Before cutting also keep in mind any Continue reading

4 Reasons to Introduce Wool into your Garden

American Wool
(Previously published online: American Wool: May 12, 2021)

If you’re looking to reap the full benefits of your garden, then you’re tending to your plot, planting your crop, or planning for next year’s bloom, gardening is truly a year-round activity. Whether you have a garden in a window planter, a small terrace, raised beds, or even in a large portion of your yard — you can benefit from using wool to help your plants thrive.

The pandemic has driven many cultural and behavioral shifts; primarily, that families are spending more time at their homes and have started new hobbies or picked up old ones. USA today found that gardening as a hobby is booming! So, we talked with Albert Wilde, owner of Wild Valley Farms, and 6th generation sheep rancher in Croydon, Utah about how wool comes into play in the flourishing field of gardening.

“Typically, when you shear a sheep you have what’s called ‘waste wool’” Wilde starts off, “this is wool that’s from the belly or hindside of the sheep and it’s often discolored, thin, and generally not considered valuable.” With waste wool making up to 20% of 

Continue reading

Focus on Optimizing the First Cut

Amber Friedrichsen, Hay and Forage Grower 2021 editorial intern
(Previously published in Hay & Forage Grower: May 10, 2022)

First cutting is just around the corner, and this initial harvest is an opportunity to target high forage quality and yield. However, making the wrong move may create consequences that can affect stands for the rest of the season.

Joe Lawrence, dairy forage systems specialist with Cornell University, says greater inclusion rates of high-quality forage in livestock diets can lower feed costs. He encourages farmers to prioritize first cutting over other operations and aim to cut forage at its peak fiber digestibility.

“Success culminates with putting planning into action when the crop tells you it is time to harvest,” Lawrence states. “It is critical to be prepared to harvest at the optimum timing, even when that means parking the corn planter or putting other tasks on the back burner for a few days.”

Start to finish
Before getting in the field, acknowledge Continue reading

Mixing it Up (in the hay field or pasture!)

Haley Zynda, OSU Extension Educator ANR, Wayne County

Pastures are really greening up in this area of Ohio and producers are antsy to turn livestock out to enjoy the lush greenery. Winter annual weeds are still thriving, patiently waiting for their summer counterparts to start germinating. Perhaps you also frost-seeded clover into pastures to improve feed quality and to cut down on nitrogen applications. If that’s the case, weed control this year will be a different story.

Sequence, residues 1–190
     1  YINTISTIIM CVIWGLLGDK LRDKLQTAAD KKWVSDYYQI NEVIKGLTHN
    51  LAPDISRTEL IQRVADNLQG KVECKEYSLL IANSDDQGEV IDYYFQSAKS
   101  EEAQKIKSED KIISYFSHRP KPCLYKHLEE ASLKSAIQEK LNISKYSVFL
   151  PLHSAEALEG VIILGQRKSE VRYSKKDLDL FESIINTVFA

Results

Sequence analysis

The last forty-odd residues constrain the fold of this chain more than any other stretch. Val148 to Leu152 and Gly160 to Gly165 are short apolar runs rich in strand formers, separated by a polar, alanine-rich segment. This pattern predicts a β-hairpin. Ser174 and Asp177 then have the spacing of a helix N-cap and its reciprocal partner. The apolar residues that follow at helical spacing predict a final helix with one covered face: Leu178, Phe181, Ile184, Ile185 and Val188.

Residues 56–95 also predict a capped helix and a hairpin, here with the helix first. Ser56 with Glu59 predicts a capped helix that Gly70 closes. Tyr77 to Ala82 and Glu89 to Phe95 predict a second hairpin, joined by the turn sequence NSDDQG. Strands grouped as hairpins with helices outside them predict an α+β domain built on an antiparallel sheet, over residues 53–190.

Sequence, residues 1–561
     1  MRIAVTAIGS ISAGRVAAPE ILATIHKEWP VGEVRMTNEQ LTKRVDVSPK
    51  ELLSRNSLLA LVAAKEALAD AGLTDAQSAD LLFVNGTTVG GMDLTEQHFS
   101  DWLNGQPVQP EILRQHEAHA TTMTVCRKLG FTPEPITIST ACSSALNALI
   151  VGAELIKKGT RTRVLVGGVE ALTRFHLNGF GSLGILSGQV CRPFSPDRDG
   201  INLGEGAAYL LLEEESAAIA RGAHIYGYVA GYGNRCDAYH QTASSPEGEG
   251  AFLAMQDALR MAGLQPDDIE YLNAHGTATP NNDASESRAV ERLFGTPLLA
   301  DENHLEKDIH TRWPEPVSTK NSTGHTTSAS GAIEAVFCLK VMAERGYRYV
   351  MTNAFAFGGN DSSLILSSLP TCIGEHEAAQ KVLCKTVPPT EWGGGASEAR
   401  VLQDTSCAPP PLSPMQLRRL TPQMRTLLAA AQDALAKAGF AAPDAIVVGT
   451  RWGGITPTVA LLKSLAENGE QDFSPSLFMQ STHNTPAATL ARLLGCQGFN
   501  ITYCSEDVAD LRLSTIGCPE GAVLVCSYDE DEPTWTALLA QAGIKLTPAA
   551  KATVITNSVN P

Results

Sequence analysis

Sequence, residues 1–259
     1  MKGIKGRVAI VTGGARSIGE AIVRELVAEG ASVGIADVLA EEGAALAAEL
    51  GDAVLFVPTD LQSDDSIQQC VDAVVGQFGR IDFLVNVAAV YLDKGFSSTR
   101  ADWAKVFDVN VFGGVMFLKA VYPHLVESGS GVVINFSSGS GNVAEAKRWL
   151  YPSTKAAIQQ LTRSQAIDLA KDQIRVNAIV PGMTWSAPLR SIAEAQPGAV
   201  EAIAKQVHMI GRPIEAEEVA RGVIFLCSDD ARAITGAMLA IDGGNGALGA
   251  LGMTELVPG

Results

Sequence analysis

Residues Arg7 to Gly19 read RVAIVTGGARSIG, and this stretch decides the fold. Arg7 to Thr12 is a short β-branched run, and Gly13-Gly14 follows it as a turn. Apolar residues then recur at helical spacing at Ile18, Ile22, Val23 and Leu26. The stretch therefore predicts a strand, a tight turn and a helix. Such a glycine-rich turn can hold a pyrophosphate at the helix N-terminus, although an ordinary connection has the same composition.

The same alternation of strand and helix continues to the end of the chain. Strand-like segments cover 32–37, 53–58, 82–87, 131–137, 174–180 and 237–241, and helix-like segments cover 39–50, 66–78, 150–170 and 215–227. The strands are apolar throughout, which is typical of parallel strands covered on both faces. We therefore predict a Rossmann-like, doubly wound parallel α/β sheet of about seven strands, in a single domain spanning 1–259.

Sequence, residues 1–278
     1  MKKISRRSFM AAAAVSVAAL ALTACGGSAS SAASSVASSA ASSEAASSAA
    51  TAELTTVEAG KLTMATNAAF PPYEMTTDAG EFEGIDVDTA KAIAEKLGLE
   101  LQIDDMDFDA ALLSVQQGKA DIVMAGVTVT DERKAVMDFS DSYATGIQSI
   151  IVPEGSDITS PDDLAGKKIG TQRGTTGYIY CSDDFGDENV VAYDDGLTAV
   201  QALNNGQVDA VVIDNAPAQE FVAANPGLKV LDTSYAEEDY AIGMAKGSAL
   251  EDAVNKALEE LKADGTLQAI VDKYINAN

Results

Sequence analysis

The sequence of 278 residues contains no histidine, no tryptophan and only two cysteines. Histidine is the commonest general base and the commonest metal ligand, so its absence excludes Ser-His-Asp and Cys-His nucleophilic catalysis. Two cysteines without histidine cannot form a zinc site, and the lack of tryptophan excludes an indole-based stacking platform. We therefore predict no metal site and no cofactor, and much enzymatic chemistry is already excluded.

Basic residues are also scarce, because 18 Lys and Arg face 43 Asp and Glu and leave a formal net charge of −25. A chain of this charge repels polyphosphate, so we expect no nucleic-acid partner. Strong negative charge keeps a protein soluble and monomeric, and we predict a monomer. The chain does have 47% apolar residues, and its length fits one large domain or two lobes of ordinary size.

Having a mixed stand, whether for hay or pasture, has several benefits. As mentioned earlier, including legumes like white or red clover or alfalfa, can reduce nitrogen needs for the field. If the field is comprised of at least 25% legume, then the nitrogen fixing capability of the legume should be able to handle the nitrogen needs of the rest of the stand. In a world where nitrogen costs $1/lb, legumes are coming to the rescue.

Typically, mixed stands will also have a greater longevity than Continue reading

Preparing Rams for a Successful Breeding Season

Richard Ehrhardt, Michigan State University Extension Specialist, Small Ruminants
(Previously published on MSU Extension, Sheep & Goat)

Although breeding season for many is several months away, its sheep sale season across the nation and producers are on the hunt for their next stud ram. Once acquired, rams should be tested and stowed away for safe keeping until its their time to shine. In general, spermatogenesis (the production of viable sperm) can take up to 12 weeks to regenerate if rams experience health complications or heat stress. Therefore, talking about the 2022 breeding season now is timely and a read that is worthwhile.

Ensuring the health and reproductive viability of rams on your farm is critical to a successful breeding program. Because one ram can service 50+ ewes during an optimal breeding season, there is a lot more risk for flock reproductive problems associated with his fertility compared to those of individual ewes. One unsuccessful season can have a huge impact at lambing time and beyond. This risk can be minimized by following some fairly simple and straightforward steps.

Ram physical examination
Producers should become familiar with performing simple breeding exams on rams several weeks prior to the breeding season. This involves Continue reading